There were two reporters from Politico (which, according to Mr. Milbank, had written 96 Palin items in a single month).
And then there was the foreign press: one camera from Swedish television, one columnist from Italy’s Il Stampa and two reporters from the Japan’s daily the Asahi Shimbun.
Before Ms. Palin had even arrived, the coffee in the press room had run dry, and the hotel was setting up more tables to accommodate the overflow.
All of this, despite the fact Ms. Palin would–and did–avoid taking any questions from the media, and was all but certain to demur on her presidential ambitions.
“You have a lot of candidates who have the potential to grow, but if there’s even the potential for Sarah Palin to get in, they won’t grow,” said John McLaughlin, a Republican pollster.
Those candidates include nearly all of the new blood at the national level who have yet to make recognizable names for themselves, like Tim Pawlenty, the former Minnesota governor; Indiana Governor Mitch Daniels; and Rick Santorum, the former senator from Pennsylvania.
“The margin-of-error candidates, those who are under 3 or 4 percent right now, she’s taking oxygen and media attention from them that they need to develop a candidacy,” Mr. McLaughlin said. “So she’s hurting them right now.”
Mr. Daniels caught a bit of air with an impassioned speech at the Conservative Political Action Conference–though much of the media was gone by the time he spoke.
And just this week, Mr. Pawlenty scored what counts as a minor breakthrough in this cycle, with a caricature of him playing hockey–”Tim Pawlenty’s Shot”–on the cover of National Review.
But the relative lack of coverage has left candidates without the kind of documentary evidence they can take to big donors to show that their campaign is taking off, which has left the contributor class to guess about who might be capable of gaining traction.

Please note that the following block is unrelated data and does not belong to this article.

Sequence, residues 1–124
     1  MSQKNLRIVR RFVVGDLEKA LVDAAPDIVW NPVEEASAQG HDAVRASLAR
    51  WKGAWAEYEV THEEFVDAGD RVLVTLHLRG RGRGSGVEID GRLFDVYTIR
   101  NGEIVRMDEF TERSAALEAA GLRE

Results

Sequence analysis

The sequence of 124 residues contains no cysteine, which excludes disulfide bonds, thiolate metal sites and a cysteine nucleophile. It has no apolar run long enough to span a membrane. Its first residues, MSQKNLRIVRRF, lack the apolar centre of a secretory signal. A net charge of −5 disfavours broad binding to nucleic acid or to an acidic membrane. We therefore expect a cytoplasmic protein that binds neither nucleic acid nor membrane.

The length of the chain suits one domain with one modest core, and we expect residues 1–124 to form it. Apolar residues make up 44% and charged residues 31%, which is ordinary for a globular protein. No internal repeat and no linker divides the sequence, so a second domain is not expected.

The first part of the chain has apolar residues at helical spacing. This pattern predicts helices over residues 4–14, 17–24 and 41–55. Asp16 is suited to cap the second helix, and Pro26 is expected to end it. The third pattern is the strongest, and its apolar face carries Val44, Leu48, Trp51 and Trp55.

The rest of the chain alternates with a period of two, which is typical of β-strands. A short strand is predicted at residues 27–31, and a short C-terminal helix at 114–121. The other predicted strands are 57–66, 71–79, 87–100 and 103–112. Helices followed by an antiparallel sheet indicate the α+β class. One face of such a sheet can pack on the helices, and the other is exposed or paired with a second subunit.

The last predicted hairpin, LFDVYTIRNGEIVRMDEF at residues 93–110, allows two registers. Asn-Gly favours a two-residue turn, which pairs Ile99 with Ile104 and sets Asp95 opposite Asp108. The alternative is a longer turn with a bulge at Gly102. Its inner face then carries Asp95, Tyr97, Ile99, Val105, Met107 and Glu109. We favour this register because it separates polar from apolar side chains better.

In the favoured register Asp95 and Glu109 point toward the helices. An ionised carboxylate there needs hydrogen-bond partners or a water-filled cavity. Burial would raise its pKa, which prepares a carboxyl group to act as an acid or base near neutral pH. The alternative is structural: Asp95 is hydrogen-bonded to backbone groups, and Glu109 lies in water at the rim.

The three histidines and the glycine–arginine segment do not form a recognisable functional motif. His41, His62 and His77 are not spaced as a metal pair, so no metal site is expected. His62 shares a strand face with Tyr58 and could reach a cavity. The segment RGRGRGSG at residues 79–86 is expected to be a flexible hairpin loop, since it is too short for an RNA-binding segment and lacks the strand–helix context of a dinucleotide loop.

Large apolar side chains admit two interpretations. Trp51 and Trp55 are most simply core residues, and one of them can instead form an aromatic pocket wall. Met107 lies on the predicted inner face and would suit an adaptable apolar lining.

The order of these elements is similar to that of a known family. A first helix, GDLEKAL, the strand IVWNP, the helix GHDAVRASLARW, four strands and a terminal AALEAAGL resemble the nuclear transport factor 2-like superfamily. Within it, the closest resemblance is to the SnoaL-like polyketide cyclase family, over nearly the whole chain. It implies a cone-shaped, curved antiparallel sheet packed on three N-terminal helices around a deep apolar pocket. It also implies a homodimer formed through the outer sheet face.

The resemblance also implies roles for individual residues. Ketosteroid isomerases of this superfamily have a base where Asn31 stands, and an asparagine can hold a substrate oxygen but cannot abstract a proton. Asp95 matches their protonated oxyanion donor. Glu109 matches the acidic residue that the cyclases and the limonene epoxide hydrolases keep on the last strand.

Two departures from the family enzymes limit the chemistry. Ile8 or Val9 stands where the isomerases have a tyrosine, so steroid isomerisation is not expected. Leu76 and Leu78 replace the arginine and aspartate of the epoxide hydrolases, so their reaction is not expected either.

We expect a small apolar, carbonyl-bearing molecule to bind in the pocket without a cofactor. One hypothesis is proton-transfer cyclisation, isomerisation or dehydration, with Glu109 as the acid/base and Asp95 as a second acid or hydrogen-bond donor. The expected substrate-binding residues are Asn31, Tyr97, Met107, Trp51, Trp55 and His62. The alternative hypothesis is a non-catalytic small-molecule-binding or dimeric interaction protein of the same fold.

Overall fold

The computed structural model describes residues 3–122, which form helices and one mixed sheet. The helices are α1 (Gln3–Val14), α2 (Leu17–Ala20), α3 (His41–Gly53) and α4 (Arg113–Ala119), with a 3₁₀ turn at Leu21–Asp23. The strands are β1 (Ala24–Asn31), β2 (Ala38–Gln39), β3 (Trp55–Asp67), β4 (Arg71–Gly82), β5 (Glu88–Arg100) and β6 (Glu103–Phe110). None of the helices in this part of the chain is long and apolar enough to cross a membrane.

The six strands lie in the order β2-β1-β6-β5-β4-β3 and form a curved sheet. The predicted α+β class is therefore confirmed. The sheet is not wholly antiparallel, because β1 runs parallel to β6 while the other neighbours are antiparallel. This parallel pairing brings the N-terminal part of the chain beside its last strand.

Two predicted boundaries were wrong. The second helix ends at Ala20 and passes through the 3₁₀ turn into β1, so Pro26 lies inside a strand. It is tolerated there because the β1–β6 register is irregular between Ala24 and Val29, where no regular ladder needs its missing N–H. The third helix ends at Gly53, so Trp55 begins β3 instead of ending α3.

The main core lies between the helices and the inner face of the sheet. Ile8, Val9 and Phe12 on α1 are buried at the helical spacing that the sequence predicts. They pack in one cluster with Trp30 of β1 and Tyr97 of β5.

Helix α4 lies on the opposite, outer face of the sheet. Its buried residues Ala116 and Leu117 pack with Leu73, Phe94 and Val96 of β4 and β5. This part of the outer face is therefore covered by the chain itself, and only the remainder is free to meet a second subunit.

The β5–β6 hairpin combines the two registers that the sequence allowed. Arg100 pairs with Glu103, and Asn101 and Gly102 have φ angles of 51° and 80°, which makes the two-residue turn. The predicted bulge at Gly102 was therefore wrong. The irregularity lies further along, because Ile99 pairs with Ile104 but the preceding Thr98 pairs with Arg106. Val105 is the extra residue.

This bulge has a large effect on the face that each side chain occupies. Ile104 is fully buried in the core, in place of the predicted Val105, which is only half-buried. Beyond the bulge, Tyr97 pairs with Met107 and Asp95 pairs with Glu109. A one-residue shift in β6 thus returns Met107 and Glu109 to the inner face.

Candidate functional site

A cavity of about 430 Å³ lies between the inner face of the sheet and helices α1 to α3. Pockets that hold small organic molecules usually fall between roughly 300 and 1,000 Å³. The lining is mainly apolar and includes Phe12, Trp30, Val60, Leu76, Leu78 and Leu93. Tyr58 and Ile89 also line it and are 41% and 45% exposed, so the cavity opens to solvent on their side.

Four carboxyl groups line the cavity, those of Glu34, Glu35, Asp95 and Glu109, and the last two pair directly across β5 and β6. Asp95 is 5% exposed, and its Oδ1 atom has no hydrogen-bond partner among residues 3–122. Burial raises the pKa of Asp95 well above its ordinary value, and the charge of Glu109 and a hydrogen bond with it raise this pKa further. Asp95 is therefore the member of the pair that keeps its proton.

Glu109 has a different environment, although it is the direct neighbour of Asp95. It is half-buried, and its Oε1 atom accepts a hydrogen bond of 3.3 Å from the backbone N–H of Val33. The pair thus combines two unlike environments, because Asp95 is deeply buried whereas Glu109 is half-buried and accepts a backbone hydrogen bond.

“At the end of the day, most big donors want to be with a winner,” said one uncommitted donor. But no one is quite sure if that winning profile might be a new face, or one of the out-of-office standbys, like former House Speaker Newt Gingrich, or former Mayor Rudy Giuliani, or even former New York Governor George Pataki.
With Ms. Palin lingering, the dynamics of the race are nearly impossible to predict.
Four years ago, with a narrow field of contenders, most big donors had already cast their lot, and the campaigns had constructed well-oiled fund-raising machines that bankrolled a bidding war for the top political talent. But if there is an arms race on the horizon this cycle, it seems destined for some distant quarter.
“Nobody’s hired any staff because nobody’s raising any money,” said a Republican strategist who served as a top adviser in 2008.
In January, Mr. Romney became the first candidates to fill a couple of key vacancies, announcing he had hired a political director and a pollster.
But most of the consulting world is still on the sidelines.
“Right now, I’m like a lot of the voters, seeing who’s getting in, and what their message is,” said Mr. McLaughlin, the pollster.
So far, Ms. Palin’s operation has shown the ability to churn along without any high-level hires.
On Long Island, she was accompanied only by her daughter Bristol and an event manager from her speaking agency, the Washington Speakers Bureau.
During the campaign, Ms. Palin was said to be choosing which candidates to endorse based largely on her own online research, rooted primarily in which campaigns made the pro-life Susan B. Anthony List, and how they stood with the Tea Party.
On Long Island, Ms. Palin had enlisted Bristol’s help.
“Last night, I’m in my hotel room and I’ve got my entourage with me–that would be Bristol,” she told the crowd, to laughs. “And I’m asking Bristol, I’m telling her, you’ve got to Google some stuff for me, you’ve got to look up some stats and some figures for me,” said Ms. Palin, who came armed with a binder of materials that included a 1964 Reader’s Digest that decried President Johnson’s war on poverty.
Last week, Ms. Palin hired a new chief of staff, Michael Glassner, who served as an aide to her vice presidential campaign in 2008.
Mr. Glassner, who has a reputation for being an extremely low-profile operative, did not join her in Woodbury. But by all accounts, Mr. Glassner, a native Kansan who now lives in New Jersey, is the kind of organizational dynamo that could quietly lay the groundwork for a national campaign. He managed Bob Dole’s 1992 reelection campaign and was a top adviser on the senator’s presidential bid in 1996.
“You won’t see him talking to the media. You won’t find a lot of places where he’s been quoted in his career,” said Bill Lacy, a friend and former Dole adviser. “He’s very behind the scenes, very loyal, very committed.”
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